Traditionally, evolution, or changes in gene frequencies, is perceived as occurring very slowly compared to ecological rates of change (e.g., changes in population abundances). Recent empirical studies suggest that ecology and evolution may change at similar rates. However, there is debate about how fast evolution can be relative to ecology. We present a method based on the theory of fast-slow dynamical systems to estimate the relative rates of ecological and evolutionary change from abundance and phenotypic time series data. When applied to a suite of empirical data sets, we find in many cases that ecology and evolution have comparable time scales. These results show that the traditional assumption of slow evolution does not always hold in empirical systems. In addition, this reinforces the idea that a new theory addressing the concurrent interactions between ecological and evolutionary processes (i.e., eco-evolutionary dynamics) is needed.

Christopher Miles, University of Utah
Analysis of non-processive molecular motor transport using renewal reward theory
    We study a model of cargo transport by non-processive molecular motors. In our model, the motors change states by random discrete events (corresponding to stepping and binding/unbinding), while the cargo position follows a stochastic differential equation (SDE) that depends on the discrete states. The resulting system for the cargo position is consequently an SDE that randomly switches according to a Markov jump process. To study this system we
    (1) cast it in a renewal theory framework and generalize the renewal reward theorem and
    (2) decompose the continuous and discrete sources of stochasticity and exploit a resulting pair of disparate timescales.
    With these mathematical tools, we obtain explicit formulas for experimentally measurable quantities, such as cargo velocity and run length. Analyzing these formulas then yields some predictions regarding so-called non-processive clustering. We will also discuss the possibility of generalizing these ideas to studying higher order moments of switching SDEs. This is joint work with Sean Lawley and Jim Keener.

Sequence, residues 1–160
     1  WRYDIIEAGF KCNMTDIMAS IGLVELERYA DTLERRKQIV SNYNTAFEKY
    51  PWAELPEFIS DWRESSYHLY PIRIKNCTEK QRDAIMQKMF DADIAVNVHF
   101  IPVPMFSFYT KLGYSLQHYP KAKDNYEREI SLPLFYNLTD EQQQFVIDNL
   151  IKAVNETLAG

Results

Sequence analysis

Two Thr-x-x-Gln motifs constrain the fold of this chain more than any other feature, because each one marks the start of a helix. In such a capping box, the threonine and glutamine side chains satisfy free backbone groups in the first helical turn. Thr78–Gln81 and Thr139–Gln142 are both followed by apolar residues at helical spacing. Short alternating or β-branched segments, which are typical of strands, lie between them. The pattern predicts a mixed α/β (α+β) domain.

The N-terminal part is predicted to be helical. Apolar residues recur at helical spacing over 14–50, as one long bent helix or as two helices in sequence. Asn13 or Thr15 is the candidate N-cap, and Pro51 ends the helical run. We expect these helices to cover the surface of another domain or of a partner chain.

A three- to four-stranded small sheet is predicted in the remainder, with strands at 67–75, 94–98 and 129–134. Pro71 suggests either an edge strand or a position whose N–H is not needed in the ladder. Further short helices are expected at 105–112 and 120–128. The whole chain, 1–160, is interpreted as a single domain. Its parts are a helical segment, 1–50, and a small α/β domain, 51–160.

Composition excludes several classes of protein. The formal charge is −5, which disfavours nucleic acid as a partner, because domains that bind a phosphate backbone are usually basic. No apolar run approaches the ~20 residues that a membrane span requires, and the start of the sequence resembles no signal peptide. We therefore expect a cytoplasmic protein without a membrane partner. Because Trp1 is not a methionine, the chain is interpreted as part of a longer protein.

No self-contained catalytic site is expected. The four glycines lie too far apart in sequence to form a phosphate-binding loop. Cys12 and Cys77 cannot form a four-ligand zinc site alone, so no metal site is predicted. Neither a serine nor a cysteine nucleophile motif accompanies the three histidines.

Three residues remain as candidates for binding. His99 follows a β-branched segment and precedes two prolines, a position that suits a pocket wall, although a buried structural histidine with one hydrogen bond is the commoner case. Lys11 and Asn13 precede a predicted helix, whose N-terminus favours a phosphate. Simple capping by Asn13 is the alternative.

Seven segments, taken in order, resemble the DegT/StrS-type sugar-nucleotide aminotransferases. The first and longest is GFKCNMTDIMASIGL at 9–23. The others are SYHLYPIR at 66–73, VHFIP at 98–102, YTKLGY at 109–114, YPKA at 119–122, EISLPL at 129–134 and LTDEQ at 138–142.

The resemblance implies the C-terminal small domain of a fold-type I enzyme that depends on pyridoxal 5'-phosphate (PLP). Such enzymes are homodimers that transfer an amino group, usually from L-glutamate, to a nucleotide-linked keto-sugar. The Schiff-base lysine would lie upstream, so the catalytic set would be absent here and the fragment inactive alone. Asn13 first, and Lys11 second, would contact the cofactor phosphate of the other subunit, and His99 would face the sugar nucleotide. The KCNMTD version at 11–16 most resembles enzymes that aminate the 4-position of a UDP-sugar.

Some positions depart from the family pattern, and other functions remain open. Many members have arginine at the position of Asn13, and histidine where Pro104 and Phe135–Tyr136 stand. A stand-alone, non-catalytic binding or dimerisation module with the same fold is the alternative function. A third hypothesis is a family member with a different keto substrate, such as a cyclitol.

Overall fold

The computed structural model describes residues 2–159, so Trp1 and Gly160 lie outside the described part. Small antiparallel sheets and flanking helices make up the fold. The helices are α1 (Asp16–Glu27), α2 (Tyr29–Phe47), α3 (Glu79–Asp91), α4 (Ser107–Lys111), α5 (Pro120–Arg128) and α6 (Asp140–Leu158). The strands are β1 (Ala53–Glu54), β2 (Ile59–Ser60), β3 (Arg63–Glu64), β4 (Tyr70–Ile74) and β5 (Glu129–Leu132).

Chee Han Tan, University of Utah
On the two-dimensional ice-fishing problem with surface tension
    The sloshing problem of an incompressible, inviscid, irrotational fluid is considered in a half-space covered by an ice sheet with a fishing hole, including effects due to surface tension on the free surface. The problem is restricted to the case of constant contact angle and time-harmonic solutions of the linearised problem are sought. This reduces the sloshing problem to a mixed Steklov-Neumann eigenvalue problem, where the eigenvalue (sloshing frequency) appears in the free surface boundary conditions. We reformulate the problem in terms of an integral eigenvalue problem (Fredholm integro-differential equation of the second kind) and show that the spectrum is discrete. The integral eigenvalue problem is solved numerically using Boundary Element Method (BEM) and we recover existing numerical results due to Henrici et.al (1970) in the limit of zero surface tension. As opposed to the zero surface tension case, where the ``high spots", the maximal elevation of the free surface of the sloshing fluid, is attained at the interior of the free surface, we observe numerically that the location of the high spot moves to the boundary of the free surface beyond a critical surface tension threshold. This is joint work with Nathan Willis, Christel Hohenegger and Braxton Osting.

Coffee

Organizer and Support

    This conference is organized by the University of Utah SIAM Student Chapter. Support for this event is provided by SIAM.
s